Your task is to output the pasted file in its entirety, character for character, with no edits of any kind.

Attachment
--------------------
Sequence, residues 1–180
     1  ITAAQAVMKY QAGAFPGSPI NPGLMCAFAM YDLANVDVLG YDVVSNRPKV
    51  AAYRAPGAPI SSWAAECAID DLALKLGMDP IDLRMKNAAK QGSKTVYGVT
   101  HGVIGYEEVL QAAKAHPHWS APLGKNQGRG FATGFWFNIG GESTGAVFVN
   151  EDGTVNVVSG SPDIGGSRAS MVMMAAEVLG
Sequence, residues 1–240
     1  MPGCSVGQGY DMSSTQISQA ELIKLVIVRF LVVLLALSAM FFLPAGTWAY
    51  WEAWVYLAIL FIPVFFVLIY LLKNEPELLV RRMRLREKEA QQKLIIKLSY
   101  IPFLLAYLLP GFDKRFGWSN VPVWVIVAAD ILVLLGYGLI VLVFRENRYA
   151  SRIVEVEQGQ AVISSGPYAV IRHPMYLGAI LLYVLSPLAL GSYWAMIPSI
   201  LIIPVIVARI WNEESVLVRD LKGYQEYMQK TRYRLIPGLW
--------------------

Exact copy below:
Sequence, residues 1–180
     1  ITAAQAVMKY QAGAFPGSPI NPGLMCAFAM YDLANVDVLG YDVVSNRPKV
    51  AAYRAPGAPI SSWAAECAID DLALKLGMDP IDLRMKNAAK QGSKTVYGVT
   101  HGVIGYEEVL QAAKAHPHWS APLGKNQGRG FATGFWFNIG GESTGAVFVN
   151  EDGTVNVVSG SPDIGGSRAS MVMMAAEVLG
Sequence, residues 1–240
     1  MPGCSVGQGY DMSSTQISQA ELIKLVIVRF LVVLLALSAM FFLPAGTWAY
    51  WEAWVYLAIL FIPVFFVLIY LLKNEPELLV RRMRLREKEA QQKLIIKLSY
   101  IPFLLAYLLP GFDKRFGWSN VPVWVIVAAD ILVLLGYGLI VLVFRENRYA
   151  SRIVEVEQGQ AVISSGPYAV IRHPMYLGAI LLYVLSPLAL GSYWAMIPSI
   201  LIIPVIVARI WNEESVLVRD LKGYQEYMQK TRYRLIPGLW